|Icon from here|
Church Year : Epiphany
When Thou, O Lord, wast baptized in the Jordan the worship of the Trinity was made manifest! For the voice of the Father bare witness to Thee, calling Thee his Beloved Son. And the Spirit, in the form of a dove, confirmed the truthfulness of his Word. O Christ our God, who hast revealed Thyself and hast enlightened the world, glory to Thee (Troparion).
Today Thou hast appeared to the universe, end Thy Light, O Lord, has shone on us, who with understanding praise Thee: Thou hast come and revealed Thyself, O Light Unapproachable! (Kontakion).
The voice of one crying in the wilderness: Prepare the way of the Lord, make his path straight. Every valley shall be filled and every mountain and hill brought low, and the crooked shall be made straight, and the rough ways shall be made smooth; and all flesh shall see the salvation of God (Is 40:3-5; Lk 3:4-6).
For the grace of God has appeared for the salvation of all men, training us to renounce irreligion and worldly passions, and to live sober, upright and godly lives in this world, awaiting our blessed hope, the appearing of the glory of our great God and Saviour Jesus Christ, who gave himself for us to redeem us from all iniquity and to purify for himself a people of his own who are zealous for good deeds (Titus 2:11-14).
The voice of the Lord cries over the waters, saying: Come all ye, receive the Spirit of wisdom, the Spirit of understanding, the Spirit of the fear of God, even Christ who is made manifest.
Today the nature of water is sanctified. Jordan is divided in two, and turns back the stream of its waters, beholding the Master being baptized.
As a man Thou didst come to that river, O Christ our King, and dost hasten O Good One, to receive the baptism of a servant at the hands of the Forerunner (John), because of our sins, O Lover of Man(Hymns of the Great Blessing of Waters).
|St. Isaiah the Prophet (here)|
Let the thirsty wilderness be glad, let the desert rejoice, let it blossom as a rose, let it blossom abundantly, let everything rejoice… (Is 35: 1-10)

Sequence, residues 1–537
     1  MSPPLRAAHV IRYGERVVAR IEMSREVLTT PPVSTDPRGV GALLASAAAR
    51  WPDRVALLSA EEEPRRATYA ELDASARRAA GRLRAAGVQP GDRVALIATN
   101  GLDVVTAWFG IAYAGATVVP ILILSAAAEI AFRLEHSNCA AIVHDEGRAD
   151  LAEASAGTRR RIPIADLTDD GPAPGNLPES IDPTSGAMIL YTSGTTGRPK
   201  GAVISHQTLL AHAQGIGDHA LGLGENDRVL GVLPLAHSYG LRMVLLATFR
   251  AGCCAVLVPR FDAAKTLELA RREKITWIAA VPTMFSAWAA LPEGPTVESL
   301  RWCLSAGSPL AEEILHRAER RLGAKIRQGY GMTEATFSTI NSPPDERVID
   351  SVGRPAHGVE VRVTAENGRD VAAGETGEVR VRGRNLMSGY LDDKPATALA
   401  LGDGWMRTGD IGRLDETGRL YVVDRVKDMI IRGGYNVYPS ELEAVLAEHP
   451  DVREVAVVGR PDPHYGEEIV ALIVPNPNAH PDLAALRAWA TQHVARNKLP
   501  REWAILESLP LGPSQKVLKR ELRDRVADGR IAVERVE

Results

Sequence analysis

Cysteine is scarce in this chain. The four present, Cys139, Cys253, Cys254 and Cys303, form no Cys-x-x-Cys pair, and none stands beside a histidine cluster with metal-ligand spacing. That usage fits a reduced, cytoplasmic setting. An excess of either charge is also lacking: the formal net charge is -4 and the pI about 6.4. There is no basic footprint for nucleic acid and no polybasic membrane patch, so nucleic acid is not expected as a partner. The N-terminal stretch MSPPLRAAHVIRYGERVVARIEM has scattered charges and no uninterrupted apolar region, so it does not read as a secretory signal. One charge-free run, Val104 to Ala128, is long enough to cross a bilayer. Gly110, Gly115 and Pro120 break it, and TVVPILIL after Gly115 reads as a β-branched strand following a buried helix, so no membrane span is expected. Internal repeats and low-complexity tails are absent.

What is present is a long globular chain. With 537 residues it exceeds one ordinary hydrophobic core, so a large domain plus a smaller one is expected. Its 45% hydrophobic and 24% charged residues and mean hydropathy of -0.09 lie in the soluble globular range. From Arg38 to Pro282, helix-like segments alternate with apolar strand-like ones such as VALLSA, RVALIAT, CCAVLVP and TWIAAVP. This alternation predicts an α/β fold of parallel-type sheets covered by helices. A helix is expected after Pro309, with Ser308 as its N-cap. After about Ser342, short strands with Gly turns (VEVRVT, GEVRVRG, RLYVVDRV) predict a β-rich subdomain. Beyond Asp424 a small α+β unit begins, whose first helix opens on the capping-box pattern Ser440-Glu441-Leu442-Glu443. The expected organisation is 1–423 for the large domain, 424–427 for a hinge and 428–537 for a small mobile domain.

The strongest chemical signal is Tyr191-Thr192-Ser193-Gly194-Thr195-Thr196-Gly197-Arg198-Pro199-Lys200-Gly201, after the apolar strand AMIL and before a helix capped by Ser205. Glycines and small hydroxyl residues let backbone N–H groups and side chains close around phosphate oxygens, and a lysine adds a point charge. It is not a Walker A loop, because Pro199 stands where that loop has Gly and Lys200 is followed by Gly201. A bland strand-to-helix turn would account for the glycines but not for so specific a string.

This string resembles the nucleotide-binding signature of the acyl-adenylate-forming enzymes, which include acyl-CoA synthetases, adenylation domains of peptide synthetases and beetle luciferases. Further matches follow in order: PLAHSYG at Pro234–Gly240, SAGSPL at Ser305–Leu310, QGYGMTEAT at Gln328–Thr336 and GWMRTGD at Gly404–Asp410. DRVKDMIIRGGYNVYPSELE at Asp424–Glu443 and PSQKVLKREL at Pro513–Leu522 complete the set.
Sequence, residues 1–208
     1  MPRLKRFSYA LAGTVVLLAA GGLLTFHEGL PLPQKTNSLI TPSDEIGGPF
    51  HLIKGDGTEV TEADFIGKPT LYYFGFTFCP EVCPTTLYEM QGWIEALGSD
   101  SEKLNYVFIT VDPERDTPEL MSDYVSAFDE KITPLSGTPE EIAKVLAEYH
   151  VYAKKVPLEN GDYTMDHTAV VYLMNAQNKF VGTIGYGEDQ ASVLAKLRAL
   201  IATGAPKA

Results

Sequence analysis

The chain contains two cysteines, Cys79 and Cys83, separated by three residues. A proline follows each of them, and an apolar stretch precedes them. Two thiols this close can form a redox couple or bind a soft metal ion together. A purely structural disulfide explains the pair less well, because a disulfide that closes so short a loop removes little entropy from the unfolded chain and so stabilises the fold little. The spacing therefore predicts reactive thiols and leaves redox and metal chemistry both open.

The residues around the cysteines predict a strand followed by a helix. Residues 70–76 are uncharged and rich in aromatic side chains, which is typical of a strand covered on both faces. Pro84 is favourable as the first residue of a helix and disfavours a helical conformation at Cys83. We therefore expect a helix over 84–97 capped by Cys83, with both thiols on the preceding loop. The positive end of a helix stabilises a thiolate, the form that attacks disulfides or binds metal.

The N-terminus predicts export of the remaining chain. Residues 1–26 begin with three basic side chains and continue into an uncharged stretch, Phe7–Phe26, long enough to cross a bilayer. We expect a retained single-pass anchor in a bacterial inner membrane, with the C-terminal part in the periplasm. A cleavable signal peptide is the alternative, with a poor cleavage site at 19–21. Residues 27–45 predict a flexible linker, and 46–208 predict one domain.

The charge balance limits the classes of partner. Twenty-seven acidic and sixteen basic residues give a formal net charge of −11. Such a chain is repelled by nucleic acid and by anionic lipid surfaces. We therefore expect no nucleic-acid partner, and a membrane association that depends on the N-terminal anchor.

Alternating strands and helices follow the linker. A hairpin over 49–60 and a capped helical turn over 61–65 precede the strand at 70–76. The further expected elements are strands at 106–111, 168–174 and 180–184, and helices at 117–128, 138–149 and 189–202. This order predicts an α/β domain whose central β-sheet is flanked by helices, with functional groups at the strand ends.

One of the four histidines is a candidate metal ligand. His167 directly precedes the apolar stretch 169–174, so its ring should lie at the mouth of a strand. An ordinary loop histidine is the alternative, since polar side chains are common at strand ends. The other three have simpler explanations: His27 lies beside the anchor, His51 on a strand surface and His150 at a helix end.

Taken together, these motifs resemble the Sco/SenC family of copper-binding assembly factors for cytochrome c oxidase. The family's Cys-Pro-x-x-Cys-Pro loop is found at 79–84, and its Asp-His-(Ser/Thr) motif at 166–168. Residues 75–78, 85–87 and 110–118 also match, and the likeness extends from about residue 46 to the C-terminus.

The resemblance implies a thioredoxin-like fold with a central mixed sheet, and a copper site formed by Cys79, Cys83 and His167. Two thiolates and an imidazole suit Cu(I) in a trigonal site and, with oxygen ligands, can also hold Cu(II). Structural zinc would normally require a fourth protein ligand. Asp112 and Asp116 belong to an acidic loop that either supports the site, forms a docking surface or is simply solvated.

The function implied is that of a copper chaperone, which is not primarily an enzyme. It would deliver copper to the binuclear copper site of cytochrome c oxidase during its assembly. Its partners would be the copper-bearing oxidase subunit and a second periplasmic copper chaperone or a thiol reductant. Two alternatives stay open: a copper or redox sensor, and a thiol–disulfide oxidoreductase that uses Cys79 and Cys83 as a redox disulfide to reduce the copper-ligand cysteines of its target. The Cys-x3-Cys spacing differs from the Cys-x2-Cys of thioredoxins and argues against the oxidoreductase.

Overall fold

Go to that water, O you who thirst, and as many as have no money, let them eat and drink without price, both wine and fat… (Is 55:1-13)
With joy draw the water out of the wells of salvation. And in that day shall you say: Confess ye unto the Lord and call upon his Name; declare his glorious deeds… his Name is exalted… Hymn the Name of the Lord… Rejoice and exult… (Is 12:3.6).
|Icon from here.|
|Icon from here|
Saint John the Forerunner preaches in Hades, to prepare the souls of the people about the arrival of Christ, Who was to descend there after His Crucifixion in order to plunder it and to open up Paradise.
We, as Christians, are engaged in this struggle to reclaim fallen nature for the Kingdom of God. We often talk about this in terms of our own salvation, but the Church, addressing all of creation in a wholistic manner, also reaches out and reclaims a bit here and a bit there of creation in general. We do this in order that we might restore the usefulness of creation for working out our own salvation. Hence we bless anything that might help us in our salvation - and by blessing it we reclaim it for the Kingdom of God.
There are few things more vital to our lives than our homes. In our homes we pray, we work, we talk to others, we order our lives, we work out our marriages, etc. What more important place to reclaim for the Kingdom of God - or is it better to continue living in a place which is occupied by the enemy. For the most effective working out of our salvation, we must drive the enemy out of our homes, and keep him at bay by our prayers, our righteous life, and the annual sprinkling by Holy Water at Theophany.
Baptism of Christ – The Theophany Icon
From the first century of the Christian Church, there has always been “The Festival of Lights”. In the depth of Midwinter, this feast celebrated the advent of the Son of God’s coming into the world as Jesus Christ, and His early years up to and including His baptism in the Jordan, which heralded the beginning of Jesus’ ministry on earth.